LIMA, April 11 (Reuters) - Peruvian far-left candidate Pedro
Castillo is set to win the Andean country's first-round
presidential election, though he will face a run-off vote in
June with an electorate fragmented after a year of political and
The 51-year-old union leader and primary school teacher, a
shock winner after a late surge in the polls, had 16.2% of the
vote with half the ballots tallied on the official count https://www.resultados.eleccionesgenerales2021.pe/EG2021/EleccionesPresidenciales/RePres/T.
A fast count from Ipsos Peru showed him winning the race.
That level of support falls well short of the majority
needed to win outright, however, meaning Castillo will face the
second place candidate in a head-to-head vote.
The official count showed liberal economist Hernando de Soto
in second place with 13.6% and the far-right's Rafael Lopez
Aliaga in third place with 12.9%. Conservative Keiko Fujimori
was in fourth place also with 12.9% but was gaining ground as
votes were counted. The fast count predicted she would come
With many caught off guard by Castillo's success, the
unexpected outcome is likely to add to jitters over the future
leadership of the world's second-largest copper producer, where
political uncertainty has weighed on markets in recent months.
Peru is battling a new wave of COVID-19 infections with
hospitals packed, sharpening a sense of crisis in the country,
which impeached one president last year and saw another resign
shortly after amid deadly street protests.
Castillo, whose Free Peru party calls itself "socialist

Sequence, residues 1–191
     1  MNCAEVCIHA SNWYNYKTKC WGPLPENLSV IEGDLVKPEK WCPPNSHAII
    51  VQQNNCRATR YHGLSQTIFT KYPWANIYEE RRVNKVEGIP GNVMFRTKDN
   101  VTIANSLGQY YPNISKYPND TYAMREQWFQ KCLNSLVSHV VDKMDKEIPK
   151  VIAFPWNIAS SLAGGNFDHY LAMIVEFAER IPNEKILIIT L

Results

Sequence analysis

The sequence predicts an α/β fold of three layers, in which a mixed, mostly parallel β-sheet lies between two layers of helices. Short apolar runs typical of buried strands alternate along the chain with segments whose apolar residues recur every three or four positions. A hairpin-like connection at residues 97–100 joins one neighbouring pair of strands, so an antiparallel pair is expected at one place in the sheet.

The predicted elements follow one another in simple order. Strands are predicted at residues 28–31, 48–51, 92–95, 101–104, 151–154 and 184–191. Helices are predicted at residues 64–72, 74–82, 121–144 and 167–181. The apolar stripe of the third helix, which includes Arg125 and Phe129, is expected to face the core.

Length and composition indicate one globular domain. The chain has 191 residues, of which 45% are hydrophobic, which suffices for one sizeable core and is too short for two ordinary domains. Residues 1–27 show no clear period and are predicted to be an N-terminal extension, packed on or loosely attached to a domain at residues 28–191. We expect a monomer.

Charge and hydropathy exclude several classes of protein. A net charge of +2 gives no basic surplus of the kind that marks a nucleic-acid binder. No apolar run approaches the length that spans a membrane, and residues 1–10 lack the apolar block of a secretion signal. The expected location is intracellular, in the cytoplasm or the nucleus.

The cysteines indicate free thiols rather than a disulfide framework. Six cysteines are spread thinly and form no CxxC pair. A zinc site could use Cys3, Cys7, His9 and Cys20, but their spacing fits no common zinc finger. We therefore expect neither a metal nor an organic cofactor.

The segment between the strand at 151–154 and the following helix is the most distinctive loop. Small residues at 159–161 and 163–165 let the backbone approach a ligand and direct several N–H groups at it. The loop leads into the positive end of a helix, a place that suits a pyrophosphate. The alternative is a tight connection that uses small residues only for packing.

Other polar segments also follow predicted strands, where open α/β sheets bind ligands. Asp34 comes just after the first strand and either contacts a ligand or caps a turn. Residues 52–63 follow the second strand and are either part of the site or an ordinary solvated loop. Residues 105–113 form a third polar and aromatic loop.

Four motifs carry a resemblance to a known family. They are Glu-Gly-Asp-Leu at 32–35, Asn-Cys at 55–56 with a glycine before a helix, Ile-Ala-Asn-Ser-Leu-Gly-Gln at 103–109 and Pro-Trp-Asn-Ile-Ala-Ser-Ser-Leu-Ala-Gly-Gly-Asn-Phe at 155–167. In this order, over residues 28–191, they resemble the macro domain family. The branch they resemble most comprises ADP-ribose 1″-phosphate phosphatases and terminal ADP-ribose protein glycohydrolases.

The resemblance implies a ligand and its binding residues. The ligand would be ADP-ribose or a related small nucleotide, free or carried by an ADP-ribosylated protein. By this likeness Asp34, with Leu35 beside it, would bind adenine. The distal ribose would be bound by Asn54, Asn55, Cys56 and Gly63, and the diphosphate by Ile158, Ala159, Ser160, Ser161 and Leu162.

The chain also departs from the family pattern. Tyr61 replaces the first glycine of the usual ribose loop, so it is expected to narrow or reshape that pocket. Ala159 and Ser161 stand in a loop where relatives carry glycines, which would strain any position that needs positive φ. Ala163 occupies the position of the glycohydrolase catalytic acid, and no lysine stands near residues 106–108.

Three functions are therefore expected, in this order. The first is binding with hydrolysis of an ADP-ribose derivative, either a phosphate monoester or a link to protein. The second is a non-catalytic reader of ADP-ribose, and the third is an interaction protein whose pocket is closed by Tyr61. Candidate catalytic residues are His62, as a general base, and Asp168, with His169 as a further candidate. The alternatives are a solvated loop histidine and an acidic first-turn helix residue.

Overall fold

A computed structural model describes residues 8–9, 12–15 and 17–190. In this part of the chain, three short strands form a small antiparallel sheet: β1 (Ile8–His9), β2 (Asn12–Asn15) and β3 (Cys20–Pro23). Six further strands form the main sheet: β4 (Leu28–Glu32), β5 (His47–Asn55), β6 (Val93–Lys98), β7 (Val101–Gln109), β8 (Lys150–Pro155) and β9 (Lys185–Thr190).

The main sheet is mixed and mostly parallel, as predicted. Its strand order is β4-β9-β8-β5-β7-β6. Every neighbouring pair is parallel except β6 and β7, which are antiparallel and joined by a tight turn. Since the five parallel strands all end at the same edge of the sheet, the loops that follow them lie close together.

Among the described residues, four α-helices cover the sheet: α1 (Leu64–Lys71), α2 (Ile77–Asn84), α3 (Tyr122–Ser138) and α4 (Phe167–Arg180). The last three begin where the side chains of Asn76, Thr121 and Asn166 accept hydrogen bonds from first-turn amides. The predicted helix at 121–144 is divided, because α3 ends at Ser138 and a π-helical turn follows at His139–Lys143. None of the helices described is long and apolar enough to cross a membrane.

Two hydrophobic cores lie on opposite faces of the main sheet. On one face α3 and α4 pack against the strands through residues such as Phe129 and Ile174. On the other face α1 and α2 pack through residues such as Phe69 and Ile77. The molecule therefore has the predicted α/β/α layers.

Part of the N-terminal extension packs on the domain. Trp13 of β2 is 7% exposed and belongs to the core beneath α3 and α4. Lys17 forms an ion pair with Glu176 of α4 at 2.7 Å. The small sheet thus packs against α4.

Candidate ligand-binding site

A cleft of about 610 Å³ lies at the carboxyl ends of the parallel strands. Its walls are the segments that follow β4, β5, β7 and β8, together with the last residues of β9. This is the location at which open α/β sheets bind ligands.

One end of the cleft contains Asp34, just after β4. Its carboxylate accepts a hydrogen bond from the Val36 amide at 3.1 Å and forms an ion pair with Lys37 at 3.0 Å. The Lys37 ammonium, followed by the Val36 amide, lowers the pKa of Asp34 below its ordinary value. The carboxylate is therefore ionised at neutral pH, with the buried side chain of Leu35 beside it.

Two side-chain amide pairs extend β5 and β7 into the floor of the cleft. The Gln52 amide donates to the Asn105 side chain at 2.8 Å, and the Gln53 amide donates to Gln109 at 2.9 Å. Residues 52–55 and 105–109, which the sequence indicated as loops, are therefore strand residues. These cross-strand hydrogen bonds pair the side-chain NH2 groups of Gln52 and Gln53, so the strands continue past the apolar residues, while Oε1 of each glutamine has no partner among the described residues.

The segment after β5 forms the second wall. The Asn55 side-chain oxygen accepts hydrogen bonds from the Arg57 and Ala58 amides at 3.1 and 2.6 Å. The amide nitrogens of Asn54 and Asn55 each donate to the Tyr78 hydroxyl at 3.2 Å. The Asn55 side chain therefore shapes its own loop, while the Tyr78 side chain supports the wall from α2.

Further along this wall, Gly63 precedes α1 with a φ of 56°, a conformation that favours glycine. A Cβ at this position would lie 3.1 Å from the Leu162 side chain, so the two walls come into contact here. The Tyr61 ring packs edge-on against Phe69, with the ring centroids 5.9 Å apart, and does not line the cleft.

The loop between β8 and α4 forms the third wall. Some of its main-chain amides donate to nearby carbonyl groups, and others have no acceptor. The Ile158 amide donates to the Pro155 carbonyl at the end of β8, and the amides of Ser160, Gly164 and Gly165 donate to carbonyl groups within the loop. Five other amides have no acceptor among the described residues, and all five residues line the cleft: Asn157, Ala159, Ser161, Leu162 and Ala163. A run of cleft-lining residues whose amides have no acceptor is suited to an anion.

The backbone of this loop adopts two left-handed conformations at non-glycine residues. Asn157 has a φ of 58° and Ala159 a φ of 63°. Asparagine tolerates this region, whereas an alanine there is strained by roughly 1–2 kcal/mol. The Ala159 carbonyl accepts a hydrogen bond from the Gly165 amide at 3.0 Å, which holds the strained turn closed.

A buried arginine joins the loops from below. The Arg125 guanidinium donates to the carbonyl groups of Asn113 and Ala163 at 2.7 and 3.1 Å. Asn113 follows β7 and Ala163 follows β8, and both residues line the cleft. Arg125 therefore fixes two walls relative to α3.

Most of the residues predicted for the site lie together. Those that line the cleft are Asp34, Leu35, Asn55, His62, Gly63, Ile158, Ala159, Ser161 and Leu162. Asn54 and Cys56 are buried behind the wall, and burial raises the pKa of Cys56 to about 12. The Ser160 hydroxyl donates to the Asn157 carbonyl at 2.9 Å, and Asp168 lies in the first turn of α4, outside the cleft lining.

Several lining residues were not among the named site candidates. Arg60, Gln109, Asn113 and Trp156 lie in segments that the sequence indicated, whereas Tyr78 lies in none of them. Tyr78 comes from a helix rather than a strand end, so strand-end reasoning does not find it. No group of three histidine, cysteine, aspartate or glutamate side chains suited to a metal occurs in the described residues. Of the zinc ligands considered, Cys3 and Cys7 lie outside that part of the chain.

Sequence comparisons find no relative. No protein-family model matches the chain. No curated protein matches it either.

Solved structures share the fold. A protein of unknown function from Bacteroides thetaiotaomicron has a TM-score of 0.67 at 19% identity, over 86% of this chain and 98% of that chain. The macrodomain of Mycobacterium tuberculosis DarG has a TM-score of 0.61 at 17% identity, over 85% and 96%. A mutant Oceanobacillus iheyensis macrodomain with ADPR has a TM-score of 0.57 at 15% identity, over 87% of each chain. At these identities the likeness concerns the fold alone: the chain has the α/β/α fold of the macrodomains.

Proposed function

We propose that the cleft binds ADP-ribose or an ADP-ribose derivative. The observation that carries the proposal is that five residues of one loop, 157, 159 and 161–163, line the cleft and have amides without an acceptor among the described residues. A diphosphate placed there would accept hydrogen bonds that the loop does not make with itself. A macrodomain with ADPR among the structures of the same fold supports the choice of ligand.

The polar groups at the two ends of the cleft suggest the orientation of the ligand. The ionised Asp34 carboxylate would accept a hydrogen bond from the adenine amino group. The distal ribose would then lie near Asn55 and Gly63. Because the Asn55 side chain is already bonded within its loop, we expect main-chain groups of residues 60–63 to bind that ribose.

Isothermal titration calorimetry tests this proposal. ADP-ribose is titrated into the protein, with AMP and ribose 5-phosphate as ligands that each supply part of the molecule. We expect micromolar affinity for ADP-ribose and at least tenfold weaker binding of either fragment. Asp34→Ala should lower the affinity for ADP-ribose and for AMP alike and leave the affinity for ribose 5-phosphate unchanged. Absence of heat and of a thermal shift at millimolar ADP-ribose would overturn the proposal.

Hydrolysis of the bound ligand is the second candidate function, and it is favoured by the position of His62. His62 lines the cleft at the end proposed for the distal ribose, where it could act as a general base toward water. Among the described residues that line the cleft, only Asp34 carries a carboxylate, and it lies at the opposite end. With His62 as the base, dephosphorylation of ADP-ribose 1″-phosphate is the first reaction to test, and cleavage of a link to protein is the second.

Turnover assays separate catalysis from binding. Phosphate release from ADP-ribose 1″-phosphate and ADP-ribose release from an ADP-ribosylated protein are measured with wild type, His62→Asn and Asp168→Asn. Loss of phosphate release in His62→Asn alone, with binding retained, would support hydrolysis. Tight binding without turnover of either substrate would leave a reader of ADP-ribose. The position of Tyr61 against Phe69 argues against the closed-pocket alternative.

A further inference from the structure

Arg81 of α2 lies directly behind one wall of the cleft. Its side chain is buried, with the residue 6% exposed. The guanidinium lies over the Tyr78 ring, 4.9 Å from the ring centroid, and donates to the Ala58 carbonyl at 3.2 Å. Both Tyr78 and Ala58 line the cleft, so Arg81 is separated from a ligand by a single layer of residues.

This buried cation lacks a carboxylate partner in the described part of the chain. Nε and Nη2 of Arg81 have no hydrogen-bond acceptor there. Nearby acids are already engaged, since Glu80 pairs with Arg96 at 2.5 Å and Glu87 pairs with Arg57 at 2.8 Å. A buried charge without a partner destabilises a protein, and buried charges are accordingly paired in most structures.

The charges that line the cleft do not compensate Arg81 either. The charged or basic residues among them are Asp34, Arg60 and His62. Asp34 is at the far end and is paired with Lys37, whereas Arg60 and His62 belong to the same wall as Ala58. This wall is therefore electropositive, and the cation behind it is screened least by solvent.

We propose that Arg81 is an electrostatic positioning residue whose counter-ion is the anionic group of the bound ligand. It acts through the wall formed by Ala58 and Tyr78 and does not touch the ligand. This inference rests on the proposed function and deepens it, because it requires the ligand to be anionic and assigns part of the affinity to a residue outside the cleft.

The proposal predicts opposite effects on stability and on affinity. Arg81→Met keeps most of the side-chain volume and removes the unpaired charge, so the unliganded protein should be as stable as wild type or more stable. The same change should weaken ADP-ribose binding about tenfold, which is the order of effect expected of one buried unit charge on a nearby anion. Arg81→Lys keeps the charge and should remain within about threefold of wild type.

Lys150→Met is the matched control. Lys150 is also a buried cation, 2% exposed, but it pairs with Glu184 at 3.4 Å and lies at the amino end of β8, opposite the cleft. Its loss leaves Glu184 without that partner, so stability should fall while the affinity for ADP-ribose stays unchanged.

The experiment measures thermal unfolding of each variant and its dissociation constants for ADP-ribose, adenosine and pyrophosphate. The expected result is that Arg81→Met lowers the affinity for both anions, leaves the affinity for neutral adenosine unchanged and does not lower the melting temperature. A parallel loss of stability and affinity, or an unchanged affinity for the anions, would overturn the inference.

left", has pledged to redraft the constitution to weaken the
business elite and give the state a more dominant role in
sectors such as mining, oil, hydropower, gas and communications.
"I am grateful to the Peruvian people for this result,"
Castillo, who wore a trademark cowboy hat when he arrived on
horseback to vote, told supporters. "I ask for calm until the
Free marketeer Fujimori is a deeply divisive figure whose
father, a former President, was jailed for human rights abuses.
She herself has spent time on remand over claims that she
received $1.2 million from Brazilian construction company
Odebrecht, which she denies.
Hernando de Soto is a strong supporter of free markets and
would continue spending to bolster the economy, while Lopez
Aliaga is a hotel and railway magnate and a member of Opus Dei
often compared to Brazilian leader Jair Bolsonaro.
Celebrations in Castillo's home city of Cajamarca, in Peru's
northern highlands, continued into the night. The leftist had
surged late from the back of the leading group of candidates,
with exit polls showing him winning strong support in Peru's
five poorest regions.
In addition to a pledge to tear up the 27-year-old
constitution, a key demand of the young protesters who launched
anti-government demonstrations last year, he has said he will
keep his teacher's salary and cut those of lawmakers.
The ballot also saw Peruvians vote for the 130-seat
congress, which looks set to remain highly fragmented with some
10 parties appearing to reach the threshold for representation
in the legislature but none with a clear majority.
(Reporting by Marco Aquino; Writing by Aislinn Laing; Editing
by Diane Craft, Clarence Fernandez and Hugh Lawson)